Protein Panel Predicts Mortality in Idiopathic Pulmonary Fibrosis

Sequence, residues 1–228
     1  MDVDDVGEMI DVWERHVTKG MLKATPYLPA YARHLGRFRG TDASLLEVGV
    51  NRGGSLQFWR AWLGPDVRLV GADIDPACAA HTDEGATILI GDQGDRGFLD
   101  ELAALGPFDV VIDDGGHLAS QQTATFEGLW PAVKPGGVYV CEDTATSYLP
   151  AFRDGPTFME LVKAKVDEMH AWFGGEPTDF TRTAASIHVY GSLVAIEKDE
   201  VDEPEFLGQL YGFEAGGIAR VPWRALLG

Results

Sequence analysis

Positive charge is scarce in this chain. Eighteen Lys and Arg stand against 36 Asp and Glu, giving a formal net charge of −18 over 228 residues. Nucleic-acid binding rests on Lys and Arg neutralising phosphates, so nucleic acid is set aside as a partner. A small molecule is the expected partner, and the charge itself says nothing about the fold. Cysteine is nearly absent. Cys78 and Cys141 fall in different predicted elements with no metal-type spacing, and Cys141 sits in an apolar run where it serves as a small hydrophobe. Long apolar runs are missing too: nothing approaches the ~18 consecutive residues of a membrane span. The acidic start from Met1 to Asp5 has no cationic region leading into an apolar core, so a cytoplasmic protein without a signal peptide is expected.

A panel of blood proteins can predict which patients with the progressive lung disease idiopathic pulmonary fibrosis (IPF) are likely to live at least five years or to die within two years, say researchers at the University of Pittsburgh School of Medicine and Centocor R&D. The findings, published online on October 20, 2011 in the American Journal of Respiratory and Critical Care Medicine, could help doctors determine those patients in imminent need of a lung transplant and those who can wait a while longer. Fifty percent of IPF patients die within three years of diagnosis, but others will do well for long periods of time, explained investigator Dr. Naftali Kaminski, professor of medicine, pathology, human genetics, and computational biology, Pitt School of Medicine, and director, The Dorothy P. & Richard P. Simmons Center for Interstitial Lung Disease at the University of Pittsburgh Medical Center (UPMC). In the disease, breathing becomes increasingly impaired as the lungs progressively scar. "It's hard to tell based on symptoms alone which patients are in the greatest danger," Dr. Kaminski said. "This biomarker panel has predictive power that can guide our treatment plan. It may also help us design more effective research trials because we'll be able to better match experimental therapies with the most appropriate patients." The research team collected blood samples from 241 IPF patients. They measured the levels of 92 candidate proteins in 140 patients and found that high concentrations of five particular proteins that are produced by the breakdown of lung tissue predicted poor survival, poor transplant-free survival, and poor progression-free survival regardless of age, sex, and baseline pulmonary function. They then confirmed the results in a second group of 101 patients.
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